Most anglers have the best pike fishing experience in the spring and fall when the lake temperature cools. Look for fish in six to twelve feet deep flats with weeds and scattered brush. Cast a 3 or 4-inch red-and-white spoon (or a red-and-yellow spoon in lakes with yellow perch or walleye forage fish). On overcast days, use bright silver or gold spoons.

For trolling and casting, use medium-weight bait casting gear with a fifteen-pound-test line and a twelve-inch wire leader. If the pike do not strike with the wire leader attached, remove it and try the lure again. When using a spoon lure, make sure the ball-bearing swivels are quality swivels that do not inhibit the spoon's action or twist the line.

When fishing a spoon over submerged weed beds, let the lure drop just above the weeds (a 4-inch spoon falls at a rate of about 1 ft./sec) then quickly retrieve the spoon for a few seconds. Stop and let the lure flutter down near the weeds and drop the rod tip one or two feet towards the spoon. The spoon moves slightly backwards at this point, a movement that often triggers a strike from a following pike.

Over sandy or muddy bottoms, let the spoon sink to the lake floor then hastily retrieve it for a few feet then let it sink to the bottom. Most strikes occur when the spoon is resting motionless on the bottom.

Sometimes the pike are interested only in falling spoons. Use a jigging movement, pointing the rod at the spoon and quickly lifting the rod straight up and overhead. Immediately drop the rod again and reel in the slack line slowly. When the line is tight, quickly jerk the rod in an overhead position and repeat the process. Since the pike take the spoon as it is falling, the (firm) quick vertical lift on the rod will hook the fish.

In weedy waters, try replacing the easily snagged treble hook with a single large hook that is easier to navigate through dense aquatic growth, and is easier to remove from a toothy pike's mouth.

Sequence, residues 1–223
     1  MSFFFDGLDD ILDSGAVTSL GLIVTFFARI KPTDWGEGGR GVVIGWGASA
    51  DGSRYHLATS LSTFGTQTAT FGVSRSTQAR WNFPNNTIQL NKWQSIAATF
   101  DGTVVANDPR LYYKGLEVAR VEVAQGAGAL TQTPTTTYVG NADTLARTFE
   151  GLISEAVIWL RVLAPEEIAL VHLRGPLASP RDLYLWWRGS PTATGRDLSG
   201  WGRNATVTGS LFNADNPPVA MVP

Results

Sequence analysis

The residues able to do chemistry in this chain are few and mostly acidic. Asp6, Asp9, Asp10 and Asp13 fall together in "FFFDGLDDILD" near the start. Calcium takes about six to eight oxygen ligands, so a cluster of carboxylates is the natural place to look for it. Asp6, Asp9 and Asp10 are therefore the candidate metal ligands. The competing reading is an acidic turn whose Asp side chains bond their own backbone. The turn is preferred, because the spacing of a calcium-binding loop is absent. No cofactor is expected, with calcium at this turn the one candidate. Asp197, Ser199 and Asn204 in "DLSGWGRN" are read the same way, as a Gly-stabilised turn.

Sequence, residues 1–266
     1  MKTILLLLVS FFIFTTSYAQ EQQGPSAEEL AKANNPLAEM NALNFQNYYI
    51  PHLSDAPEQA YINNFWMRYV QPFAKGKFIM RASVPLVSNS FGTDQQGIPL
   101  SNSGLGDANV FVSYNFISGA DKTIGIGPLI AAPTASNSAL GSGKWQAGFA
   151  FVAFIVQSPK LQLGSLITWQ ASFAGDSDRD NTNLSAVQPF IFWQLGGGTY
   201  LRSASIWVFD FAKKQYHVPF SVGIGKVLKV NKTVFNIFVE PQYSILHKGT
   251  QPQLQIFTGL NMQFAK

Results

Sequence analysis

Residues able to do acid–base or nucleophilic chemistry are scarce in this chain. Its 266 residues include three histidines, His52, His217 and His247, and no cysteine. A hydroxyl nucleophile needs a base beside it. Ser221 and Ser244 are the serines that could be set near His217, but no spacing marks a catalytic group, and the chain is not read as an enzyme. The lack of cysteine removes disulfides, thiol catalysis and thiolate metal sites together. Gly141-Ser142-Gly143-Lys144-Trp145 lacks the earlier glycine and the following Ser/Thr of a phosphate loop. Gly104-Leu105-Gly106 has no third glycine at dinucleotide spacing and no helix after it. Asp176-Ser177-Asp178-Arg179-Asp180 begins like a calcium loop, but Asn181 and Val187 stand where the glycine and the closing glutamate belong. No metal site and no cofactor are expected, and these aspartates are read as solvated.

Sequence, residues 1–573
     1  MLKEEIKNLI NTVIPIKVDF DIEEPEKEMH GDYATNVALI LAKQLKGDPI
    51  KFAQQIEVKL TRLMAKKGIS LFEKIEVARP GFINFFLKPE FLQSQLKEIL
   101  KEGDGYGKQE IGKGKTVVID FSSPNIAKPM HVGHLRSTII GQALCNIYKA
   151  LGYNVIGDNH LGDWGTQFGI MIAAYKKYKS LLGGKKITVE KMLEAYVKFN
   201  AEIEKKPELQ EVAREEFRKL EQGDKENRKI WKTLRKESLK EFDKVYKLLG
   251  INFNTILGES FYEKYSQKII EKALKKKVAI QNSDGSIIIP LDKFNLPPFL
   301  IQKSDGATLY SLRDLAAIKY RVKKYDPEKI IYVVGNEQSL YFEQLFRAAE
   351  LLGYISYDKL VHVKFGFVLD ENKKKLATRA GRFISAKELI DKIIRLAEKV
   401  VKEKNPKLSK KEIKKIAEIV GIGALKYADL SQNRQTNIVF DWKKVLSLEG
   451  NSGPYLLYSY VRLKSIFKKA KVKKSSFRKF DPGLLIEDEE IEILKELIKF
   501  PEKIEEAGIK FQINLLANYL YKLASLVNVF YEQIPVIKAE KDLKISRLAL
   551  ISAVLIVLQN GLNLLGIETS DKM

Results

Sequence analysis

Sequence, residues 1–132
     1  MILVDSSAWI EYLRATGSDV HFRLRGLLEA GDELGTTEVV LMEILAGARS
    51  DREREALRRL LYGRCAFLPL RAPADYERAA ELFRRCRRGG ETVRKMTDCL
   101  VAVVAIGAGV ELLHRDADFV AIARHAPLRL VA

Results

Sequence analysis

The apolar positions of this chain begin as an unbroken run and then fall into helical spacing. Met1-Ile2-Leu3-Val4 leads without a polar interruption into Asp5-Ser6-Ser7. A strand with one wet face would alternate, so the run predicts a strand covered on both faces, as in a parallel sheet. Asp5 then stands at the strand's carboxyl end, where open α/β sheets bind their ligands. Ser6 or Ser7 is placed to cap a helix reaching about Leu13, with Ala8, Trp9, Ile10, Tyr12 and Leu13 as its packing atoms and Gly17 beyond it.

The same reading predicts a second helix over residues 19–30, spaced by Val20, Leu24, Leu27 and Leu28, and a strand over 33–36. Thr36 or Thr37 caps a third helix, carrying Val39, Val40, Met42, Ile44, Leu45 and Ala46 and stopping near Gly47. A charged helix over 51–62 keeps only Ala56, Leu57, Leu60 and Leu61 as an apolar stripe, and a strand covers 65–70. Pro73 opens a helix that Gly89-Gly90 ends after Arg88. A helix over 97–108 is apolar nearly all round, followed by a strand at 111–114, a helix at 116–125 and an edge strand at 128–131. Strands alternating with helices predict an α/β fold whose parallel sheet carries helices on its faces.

In the fall, the cold, windy days that signal changing seasons are excellent pike fishing days. Large groups of pike congregate on flats with bundles of weed growth in water five to ten feet deep. To find pike, use a systematic trolling pattern that covers the whole area. Troll about 20 feet behind the boat until the fish are found, then cast to the small area.

When the pike are scattered in the weedy flats, trolling is the best method. A pike that is following a spoon will often strike when the boat makes a turn, or if the spoon makes a jerky motion. Make several passes over the same areas where pike are sighted or where they have struck the lure.

Spoons are not the only trolling lures that catch big pike; plugs, large spinner baits, and sometimes streamer flies entice eager pike. Large spinner baits remain popular fall trolling lures. Try those with a large, single silver Willow-Leaf blade and a black buck tail body. Under windy conditions try using a yellow body, and in discoloured water use a basic black spinner bait.

Use the same techniques for catching northern pike throughout their range from the U.S. rivers to the Canadian lakes. Fish the flats and weed beds from fall to spring and find the cooler bottom depressions in the summer months for big pike fishing all year long.